September 2015 and once again Wucan appears on my BC feed with a new album only this time I don't even stop to listen, I buy it straight away. The album goes by the name of "Sow The Wind".
Wucan hail from Dresden, Germany and are made up of three core members, Francis (vocals, flute,guitar and theremin), Tim (guitar) and Patrik (bass), the drum stool seems to be on a rotating basis at the time of writing but for the album Wucan utilised the skills of live drummer Leo Vaessen ( the only one who seems to have a surname).
Opening track "Father Storm" busts out of the traps like an express train, guitar and flute riffing in unison over a backdrop of solid drum and bass and bringing to mind memories of Jethro Tull classic "Locomotive's Breath" well that is until you hear the sublime bluesy tones of Francis on vocals. Powerful and blessed with a tone somewhere between Blues Pills Elin Larsson and Royal Thunder's Miny Parsonz, she infuses the song with a bluesy grit that shatters any further Tull comparisons that may be made.
"Owls Eyes" follows, its slightly stoner groove enhanced by Tim and Francis' guitars shifting from fuzz heavy riffage to sublime bluesy solo's at the drop of a hat At the 3:00 min mark the song drops into a glorious maelstrom of feedback and white noise only to be led out of it by Leo (he of the last name) laying down a strident drum beat that is joined in turn by Patrik's deep bass and Tim's guitar, the latter laying down a burning Allman-esque guitar solo. Over this Francis' voice swoops in and out of the groove, her bluesy rasp coating everything in its deliciously gritty tone.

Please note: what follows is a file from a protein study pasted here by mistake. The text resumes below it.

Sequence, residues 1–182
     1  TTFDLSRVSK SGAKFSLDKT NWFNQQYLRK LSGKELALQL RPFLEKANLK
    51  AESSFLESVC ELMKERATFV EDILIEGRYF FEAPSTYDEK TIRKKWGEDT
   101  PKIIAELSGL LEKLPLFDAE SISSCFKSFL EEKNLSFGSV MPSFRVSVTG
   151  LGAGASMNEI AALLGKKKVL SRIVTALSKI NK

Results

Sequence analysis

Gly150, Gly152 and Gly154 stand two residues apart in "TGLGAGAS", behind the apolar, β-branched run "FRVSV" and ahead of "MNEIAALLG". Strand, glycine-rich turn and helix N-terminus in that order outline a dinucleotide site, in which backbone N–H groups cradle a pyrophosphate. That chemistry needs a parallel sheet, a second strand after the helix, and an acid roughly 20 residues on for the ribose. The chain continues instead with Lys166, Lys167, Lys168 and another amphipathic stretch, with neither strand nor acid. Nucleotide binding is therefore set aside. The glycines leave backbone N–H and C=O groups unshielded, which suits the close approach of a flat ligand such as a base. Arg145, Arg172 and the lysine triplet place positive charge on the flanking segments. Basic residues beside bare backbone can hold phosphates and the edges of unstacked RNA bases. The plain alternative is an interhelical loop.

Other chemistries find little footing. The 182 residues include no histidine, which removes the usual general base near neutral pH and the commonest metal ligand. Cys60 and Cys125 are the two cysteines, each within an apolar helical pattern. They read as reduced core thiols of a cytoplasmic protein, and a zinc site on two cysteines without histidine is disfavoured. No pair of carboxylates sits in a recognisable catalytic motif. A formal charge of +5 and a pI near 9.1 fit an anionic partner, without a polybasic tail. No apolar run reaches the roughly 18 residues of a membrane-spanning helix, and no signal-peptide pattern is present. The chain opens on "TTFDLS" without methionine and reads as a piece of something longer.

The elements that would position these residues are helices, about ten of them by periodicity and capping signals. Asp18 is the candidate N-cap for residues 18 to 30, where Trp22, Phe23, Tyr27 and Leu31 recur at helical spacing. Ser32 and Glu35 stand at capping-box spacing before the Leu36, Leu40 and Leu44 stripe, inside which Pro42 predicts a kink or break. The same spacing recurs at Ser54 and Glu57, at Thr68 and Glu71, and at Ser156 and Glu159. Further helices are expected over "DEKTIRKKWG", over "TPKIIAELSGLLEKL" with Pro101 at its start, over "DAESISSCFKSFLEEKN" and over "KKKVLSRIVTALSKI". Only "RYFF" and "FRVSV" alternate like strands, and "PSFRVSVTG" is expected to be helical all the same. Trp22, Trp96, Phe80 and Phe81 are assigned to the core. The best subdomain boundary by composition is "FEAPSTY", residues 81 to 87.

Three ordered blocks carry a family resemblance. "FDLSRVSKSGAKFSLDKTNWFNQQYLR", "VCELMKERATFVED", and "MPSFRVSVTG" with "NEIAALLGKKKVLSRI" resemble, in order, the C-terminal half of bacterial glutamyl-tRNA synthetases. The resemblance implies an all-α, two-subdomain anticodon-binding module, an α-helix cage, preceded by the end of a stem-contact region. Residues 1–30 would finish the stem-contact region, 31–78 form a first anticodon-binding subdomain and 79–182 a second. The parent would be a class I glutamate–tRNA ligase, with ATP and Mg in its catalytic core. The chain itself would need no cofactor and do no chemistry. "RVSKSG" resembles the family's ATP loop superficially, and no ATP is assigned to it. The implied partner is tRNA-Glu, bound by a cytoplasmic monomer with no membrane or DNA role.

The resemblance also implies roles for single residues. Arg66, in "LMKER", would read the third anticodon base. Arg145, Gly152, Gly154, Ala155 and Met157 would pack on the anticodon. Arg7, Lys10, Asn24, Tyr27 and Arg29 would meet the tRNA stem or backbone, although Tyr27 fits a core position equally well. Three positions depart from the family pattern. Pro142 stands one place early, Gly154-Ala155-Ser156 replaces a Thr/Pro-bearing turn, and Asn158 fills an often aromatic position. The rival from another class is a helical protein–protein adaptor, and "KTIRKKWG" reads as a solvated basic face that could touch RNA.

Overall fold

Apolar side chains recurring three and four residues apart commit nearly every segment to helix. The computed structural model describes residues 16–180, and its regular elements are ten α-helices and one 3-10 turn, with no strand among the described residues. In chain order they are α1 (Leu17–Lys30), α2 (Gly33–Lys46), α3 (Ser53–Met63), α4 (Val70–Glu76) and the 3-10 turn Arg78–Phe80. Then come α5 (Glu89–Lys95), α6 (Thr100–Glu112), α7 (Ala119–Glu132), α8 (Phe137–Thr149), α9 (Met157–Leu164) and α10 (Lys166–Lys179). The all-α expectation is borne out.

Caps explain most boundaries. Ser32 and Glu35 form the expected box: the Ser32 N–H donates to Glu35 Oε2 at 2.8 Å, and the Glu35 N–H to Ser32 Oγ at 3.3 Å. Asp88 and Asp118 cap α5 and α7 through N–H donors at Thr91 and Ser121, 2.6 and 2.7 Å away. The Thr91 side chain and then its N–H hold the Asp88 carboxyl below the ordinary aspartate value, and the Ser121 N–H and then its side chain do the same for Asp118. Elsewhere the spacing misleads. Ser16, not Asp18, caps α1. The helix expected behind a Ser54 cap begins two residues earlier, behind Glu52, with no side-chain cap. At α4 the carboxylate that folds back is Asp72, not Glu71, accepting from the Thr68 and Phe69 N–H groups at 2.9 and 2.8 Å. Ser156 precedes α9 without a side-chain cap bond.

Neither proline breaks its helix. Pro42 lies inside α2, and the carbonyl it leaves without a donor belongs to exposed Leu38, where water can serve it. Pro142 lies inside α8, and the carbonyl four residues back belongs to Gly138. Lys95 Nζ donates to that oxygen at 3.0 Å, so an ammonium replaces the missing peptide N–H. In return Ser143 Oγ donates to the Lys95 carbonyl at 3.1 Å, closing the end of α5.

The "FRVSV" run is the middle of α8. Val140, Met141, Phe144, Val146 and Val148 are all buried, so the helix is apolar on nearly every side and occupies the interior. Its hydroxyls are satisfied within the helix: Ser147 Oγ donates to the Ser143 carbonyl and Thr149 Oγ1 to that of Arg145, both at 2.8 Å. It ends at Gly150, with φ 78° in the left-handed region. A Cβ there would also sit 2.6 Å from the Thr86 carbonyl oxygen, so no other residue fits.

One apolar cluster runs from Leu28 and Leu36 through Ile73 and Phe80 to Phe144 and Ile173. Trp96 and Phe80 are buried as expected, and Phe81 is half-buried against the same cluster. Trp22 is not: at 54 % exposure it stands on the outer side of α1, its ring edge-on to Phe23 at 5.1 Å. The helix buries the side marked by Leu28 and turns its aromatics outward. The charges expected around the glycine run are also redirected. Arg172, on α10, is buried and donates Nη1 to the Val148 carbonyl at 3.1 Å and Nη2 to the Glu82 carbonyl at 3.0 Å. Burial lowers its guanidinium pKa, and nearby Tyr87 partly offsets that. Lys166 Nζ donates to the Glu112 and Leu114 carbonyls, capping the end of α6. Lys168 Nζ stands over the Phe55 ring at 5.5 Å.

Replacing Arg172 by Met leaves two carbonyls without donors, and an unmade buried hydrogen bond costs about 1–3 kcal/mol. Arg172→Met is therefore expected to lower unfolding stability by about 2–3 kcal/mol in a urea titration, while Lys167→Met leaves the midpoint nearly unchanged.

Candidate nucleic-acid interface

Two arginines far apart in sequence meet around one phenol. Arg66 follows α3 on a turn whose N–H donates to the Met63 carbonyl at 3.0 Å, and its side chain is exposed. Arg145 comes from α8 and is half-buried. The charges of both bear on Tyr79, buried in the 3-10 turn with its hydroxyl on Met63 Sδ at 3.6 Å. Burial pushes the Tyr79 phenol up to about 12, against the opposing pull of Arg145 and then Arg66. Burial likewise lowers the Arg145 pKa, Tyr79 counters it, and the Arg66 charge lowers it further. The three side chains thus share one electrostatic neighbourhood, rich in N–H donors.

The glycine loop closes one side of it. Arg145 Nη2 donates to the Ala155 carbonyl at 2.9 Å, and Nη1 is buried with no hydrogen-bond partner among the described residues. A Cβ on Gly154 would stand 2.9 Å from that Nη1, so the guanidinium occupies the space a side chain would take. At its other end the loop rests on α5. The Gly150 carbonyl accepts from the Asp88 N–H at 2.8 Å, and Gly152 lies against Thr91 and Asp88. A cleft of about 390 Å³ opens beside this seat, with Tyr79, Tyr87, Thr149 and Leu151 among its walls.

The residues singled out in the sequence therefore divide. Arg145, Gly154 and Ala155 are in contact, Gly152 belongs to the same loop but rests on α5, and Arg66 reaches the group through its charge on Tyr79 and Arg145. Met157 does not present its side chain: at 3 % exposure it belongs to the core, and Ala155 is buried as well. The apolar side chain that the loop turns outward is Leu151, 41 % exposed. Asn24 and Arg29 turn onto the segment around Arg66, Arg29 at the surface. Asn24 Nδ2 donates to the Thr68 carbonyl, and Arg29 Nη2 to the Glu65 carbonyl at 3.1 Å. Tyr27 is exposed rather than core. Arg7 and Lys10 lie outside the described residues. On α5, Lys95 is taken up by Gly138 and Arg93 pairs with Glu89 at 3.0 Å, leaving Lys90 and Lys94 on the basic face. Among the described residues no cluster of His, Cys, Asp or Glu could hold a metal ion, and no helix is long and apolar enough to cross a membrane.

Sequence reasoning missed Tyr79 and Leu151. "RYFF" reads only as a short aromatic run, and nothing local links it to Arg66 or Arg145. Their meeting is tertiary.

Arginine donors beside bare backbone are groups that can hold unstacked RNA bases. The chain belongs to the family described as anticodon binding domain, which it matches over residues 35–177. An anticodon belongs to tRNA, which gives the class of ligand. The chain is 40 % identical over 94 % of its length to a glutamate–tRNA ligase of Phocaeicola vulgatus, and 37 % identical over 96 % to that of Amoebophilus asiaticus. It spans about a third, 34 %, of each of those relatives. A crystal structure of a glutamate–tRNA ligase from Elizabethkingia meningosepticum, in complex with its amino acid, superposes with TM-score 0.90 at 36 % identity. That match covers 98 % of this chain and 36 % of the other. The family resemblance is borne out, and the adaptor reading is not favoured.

Things get a little funky on "Looking In The Past" but no before Francis seduces the listener with some stupendously fragile flute work. Choppy guitar then enters backed up by Patrik's funky bass line and driven by Leo's percussive stick work, the band jamming on a groove before Francis' vocal comes in. The song comes to a glorious conclusion with the band jamming to the fade, voice, theremin, guitars, bass and drums all thrown into the mix to create a cacophony of noise.
"Face In The Kraut" and "King Korea" both take the foot off the pedal somewhat, the former a mid-tempo song with a more commercial sound that midway through features a stunning, effect laden, solo and the latter a mix of shifting time signatures and differing dynamics, both are great vehicles for Francis' stunning vocals and both allow the band to flex their considerable musical muscles.
"Wandersmann" ends the album with 15:45 minutes of scintillating prog/psych, Francis reverting to her native tongue, giving the whole thing a krautrock groove and adding whoops and squeals from her theremin as well as her flute. Tim, Patrik and Leo lay down a series of differing grooves for Francis to wrap her lungs around and together they create a smorgasbord of deft percussive touches, soaring solos and fluid bass lines. Its completely different from anything else on the album but earns its place by showing that the band are more than willing to step a little outside the box and also have the chops to do so.